Machine to Machine Communication and Internet of Things Can Benefit from Wireless Connectors

September 13, 2017 CircuitStudio

Business wireless network concept


Have you ever bought a new gizmo or gadget and wondered how you lived life before it? For me, smartphones obviously come to mind. When I was a kid I was content to play with sticks and rocks. Now my kids play with virtual sticks and rocks on their iPhones. High speed wireless connectors will be like that for the Internet of Things. Keyssa has developed a new short-range chip that operates in the 60 GHz band that they say will replace all currently wired connectors. Imagine laptops with no USB, HDMI, or audio ports on the side. Think about how your PCB designs could change if you had a smaller connector chip that didn’t require physical access. This new kind of communication could change the game when it comes to mobile device design, but it has a few challenges to overcome first.


Wireless Short Range Communication

Smartphones have changed our lives and simple wireless short range chips could change our phones. Keyssa has developed a short range chip that uses mm wave frequencies (30 GHz to 300 GHz), specifically the 60 GHz band, that can transfer data incredibly quickly. This “Kiss Connectivity” is designed to work with common communication protocols, making it simpler to integrate than many competing systems.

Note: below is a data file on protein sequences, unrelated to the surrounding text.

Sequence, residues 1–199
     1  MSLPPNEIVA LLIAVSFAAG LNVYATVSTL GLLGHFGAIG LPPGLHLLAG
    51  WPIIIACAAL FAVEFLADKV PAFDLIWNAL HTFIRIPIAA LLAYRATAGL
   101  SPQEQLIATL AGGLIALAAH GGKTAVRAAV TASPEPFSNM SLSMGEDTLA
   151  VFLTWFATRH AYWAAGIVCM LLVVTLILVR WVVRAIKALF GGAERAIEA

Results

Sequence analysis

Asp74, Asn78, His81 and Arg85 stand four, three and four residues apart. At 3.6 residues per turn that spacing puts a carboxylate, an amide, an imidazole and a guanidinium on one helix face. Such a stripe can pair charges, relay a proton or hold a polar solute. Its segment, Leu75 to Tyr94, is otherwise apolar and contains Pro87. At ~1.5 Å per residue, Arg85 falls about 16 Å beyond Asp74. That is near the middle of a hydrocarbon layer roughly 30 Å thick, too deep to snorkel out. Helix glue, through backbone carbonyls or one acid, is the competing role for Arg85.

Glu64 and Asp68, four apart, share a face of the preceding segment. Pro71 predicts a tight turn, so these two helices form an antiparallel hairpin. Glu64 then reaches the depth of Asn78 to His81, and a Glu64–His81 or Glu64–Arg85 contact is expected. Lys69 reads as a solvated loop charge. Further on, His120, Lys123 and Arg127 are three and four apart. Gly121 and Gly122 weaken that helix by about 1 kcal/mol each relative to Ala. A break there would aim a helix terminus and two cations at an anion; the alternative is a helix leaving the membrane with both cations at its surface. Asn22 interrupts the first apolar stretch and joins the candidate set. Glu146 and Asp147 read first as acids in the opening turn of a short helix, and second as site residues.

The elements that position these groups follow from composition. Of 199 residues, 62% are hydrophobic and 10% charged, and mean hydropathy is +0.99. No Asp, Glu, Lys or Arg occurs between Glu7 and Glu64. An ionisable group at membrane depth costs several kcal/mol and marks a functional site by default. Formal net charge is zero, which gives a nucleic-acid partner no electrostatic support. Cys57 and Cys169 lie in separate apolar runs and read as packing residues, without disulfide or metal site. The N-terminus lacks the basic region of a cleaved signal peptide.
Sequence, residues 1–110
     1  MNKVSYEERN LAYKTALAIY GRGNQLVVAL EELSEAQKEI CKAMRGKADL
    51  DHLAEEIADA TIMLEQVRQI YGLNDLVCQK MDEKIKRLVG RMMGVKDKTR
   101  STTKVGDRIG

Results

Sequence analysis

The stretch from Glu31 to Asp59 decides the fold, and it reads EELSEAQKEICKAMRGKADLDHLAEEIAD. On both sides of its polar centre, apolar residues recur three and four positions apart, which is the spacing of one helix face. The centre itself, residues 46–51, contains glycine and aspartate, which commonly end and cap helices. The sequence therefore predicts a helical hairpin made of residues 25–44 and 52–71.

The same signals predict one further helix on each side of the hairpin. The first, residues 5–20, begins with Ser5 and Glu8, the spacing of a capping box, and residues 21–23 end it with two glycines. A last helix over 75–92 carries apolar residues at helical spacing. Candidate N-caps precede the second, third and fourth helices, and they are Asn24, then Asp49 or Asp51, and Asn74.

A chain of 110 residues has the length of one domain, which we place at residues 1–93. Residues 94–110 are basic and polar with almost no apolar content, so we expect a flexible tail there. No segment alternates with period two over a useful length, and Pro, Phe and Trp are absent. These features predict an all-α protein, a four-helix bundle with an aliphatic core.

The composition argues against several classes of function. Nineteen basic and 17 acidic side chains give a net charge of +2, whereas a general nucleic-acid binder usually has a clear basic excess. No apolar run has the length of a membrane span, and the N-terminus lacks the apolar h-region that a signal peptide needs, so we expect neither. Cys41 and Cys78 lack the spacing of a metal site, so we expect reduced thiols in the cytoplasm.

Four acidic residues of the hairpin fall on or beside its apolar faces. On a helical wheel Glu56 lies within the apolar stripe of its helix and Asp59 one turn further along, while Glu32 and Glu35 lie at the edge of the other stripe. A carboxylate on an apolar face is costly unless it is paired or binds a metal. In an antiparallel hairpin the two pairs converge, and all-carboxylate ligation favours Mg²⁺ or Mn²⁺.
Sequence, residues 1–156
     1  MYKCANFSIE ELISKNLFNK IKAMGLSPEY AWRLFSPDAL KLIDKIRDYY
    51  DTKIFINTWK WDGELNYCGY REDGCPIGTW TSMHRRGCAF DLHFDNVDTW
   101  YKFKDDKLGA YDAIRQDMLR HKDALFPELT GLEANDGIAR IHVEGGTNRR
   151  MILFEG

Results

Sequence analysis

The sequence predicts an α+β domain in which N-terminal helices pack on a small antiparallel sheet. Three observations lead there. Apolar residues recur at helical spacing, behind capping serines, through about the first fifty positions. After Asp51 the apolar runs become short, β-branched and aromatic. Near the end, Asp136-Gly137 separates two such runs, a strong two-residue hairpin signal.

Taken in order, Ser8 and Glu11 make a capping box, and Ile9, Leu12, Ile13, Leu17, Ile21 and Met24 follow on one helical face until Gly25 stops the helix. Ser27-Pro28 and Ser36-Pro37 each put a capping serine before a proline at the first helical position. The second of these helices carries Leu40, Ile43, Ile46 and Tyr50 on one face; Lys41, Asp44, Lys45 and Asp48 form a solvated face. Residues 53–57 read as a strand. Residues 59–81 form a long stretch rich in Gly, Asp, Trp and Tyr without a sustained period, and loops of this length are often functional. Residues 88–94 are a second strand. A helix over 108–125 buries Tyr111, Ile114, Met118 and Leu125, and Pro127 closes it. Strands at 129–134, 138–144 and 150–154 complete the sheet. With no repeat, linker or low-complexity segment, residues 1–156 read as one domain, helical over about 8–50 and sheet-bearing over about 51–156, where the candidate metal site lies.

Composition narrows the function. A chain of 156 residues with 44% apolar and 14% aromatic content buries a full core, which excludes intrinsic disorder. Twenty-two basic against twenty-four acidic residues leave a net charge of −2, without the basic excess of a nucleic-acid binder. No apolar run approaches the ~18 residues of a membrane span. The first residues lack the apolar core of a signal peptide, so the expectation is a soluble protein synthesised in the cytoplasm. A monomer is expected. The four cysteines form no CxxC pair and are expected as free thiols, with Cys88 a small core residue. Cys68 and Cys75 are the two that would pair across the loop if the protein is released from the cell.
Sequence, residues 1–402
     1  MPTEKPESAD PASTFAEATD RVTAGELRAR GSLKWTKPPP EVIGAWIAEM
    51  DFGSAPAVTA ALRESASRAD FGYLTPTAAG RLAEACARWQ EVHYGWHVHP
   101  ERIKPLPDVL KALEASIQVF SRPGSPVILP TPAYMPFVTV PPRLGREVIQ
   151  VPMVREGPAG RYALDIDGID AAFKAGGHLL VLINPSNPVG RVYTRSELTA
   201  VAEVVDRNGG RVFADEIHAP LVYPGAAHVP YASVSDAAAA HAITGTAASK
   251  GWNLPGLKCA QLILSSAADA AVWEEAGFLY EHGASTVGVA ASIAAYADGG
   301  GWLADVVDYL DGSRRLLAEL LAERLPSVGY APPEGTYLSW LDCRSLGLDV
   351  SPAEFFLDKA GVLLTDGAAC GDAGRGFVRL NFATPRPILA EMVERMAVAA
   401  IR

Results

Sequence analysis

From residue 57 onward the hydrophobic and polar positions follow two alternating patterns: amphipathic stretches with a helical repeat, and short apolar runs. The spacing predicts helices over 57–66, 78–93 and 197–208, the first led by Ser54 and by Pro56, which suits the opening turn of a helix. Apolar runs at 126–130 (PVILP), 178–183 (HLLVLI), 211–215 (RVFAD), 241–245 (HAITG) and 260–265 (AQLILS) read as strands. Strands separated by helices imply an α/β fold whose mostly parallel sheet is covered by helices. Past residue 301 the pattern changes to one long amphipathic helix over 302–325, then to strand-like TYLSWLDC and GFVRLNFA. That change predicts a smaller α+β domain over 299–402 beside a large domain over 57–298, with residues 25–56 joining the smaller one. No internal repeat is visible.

Keyssa’s goal with this chip is to replace conventional connectors, like USB or HDMI cords. In order to compete with traditional wires, they knew they’d need to have high transfer speeds. Using mm wave frequencies allows these integrated circuits (ICs) to transmit at high speeds, just like 5G, up to 6 Gbps. In addition to high speeds, things need to work without all the pairing that goes on with WiFi and Bluetooth. They addressed that issue using the chips’ physical proximity to one another. This means that the chips will only transmit when they are very close to each other, thereby eliminating a complex pairing process.